One of the most unequivocal laws of the Boston shaker set is clear: There can be no sour without citrus.
But thanks to the new ingredient, acid phosphate, bartenders can throw out that rule book.
Actually, it's an old ingredient, a onetime staple of soda fountains that was prized for imparting the dry tartness of lime juice without the overt sugar of actual citrus, ideal for balancing drinks with other sweet components.
Darcy O'Neil, a chemist, cocktail blogger and author, first heard about acid phosphate through legendary New Orleans bartender Chris McMillian. Intrigued, he began researching. He realized that thoughtful modern bartenders could have a field day with the stuff, so he began selling it in liquid form online.
He was right: At Leon's Full Service in suburban Atlanta, Miles Macquarrie uses it in an Old Tom gin-based drink called Whitehall Mystery, which combines the silky, boozy heft of a stirred cocktail with the subtle zing you'd expect from something shaken with citrus.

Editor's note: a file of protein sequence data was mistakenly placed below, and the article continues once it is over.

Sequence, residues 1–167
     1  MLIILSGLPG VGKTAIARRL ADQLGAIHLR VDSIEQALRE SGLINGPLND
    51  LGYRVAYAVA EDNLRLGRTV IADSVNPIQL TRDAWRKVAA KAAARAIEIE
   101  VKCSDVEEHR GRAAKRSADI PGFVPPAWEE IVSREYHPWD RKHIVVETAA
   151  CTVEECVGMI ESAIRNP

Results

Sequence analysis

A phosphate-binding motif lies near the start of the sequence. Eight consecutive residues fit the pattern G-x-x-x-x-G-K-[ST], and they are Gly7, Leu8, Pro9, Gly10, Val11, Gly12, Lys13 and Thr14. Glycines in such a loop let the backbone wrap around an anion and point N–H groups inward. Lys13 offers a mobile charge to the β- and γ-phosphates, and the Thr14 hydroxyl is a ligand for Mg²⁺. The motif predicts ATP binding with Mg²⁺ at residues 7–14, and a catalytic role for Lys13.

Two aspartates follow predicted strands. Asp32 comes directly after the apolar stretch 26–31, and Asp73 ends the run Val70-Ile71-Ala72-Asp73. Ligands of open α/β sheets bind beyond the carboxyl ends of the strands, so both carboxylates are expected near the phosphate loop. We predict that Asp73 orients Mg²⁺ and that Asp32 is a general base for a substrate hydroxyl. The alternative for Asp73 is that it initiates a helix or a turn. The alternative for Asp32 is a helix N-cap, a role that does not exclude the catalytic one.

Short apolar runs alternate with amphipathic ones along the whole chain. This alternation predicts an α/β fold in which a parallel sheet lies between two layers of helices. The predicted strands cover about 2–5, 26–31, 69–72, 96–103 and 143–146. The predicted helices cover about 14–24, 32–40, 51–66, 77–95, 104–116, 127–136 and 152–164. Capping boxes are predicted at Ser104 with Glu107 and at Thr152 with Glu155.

In Houston, Bobby Heugel of Anvil matches it with aged rum, maple syrup, seltzer and house-made sarsaparilla syrup. The bartenders at 47 Scott in Tucson harness Lactart--a close relative to acid phosphate--in the Beetnik Fizz, a high-wire combination of beet-infused gin, lime juice, orgeat and egg whites.
Move over lemon: There's a new sour squeeze.
Recipe adapted from Leon's Full Service, Decatur, Georgia
Makes 1 drink
1½ ounces Hayman's Old Tom Gin
½ ounce Plymouth Sloe Gin
½ ounce Cocchi Americano
½ ounce Pommeau de Normandie (or Calvados)
¼ teaspoon (15 drops) acid phosphate
In a pint glass, combine all of the ingredients. Stir briskly until very cold, then strain into a chilled cocktail glass and serve.
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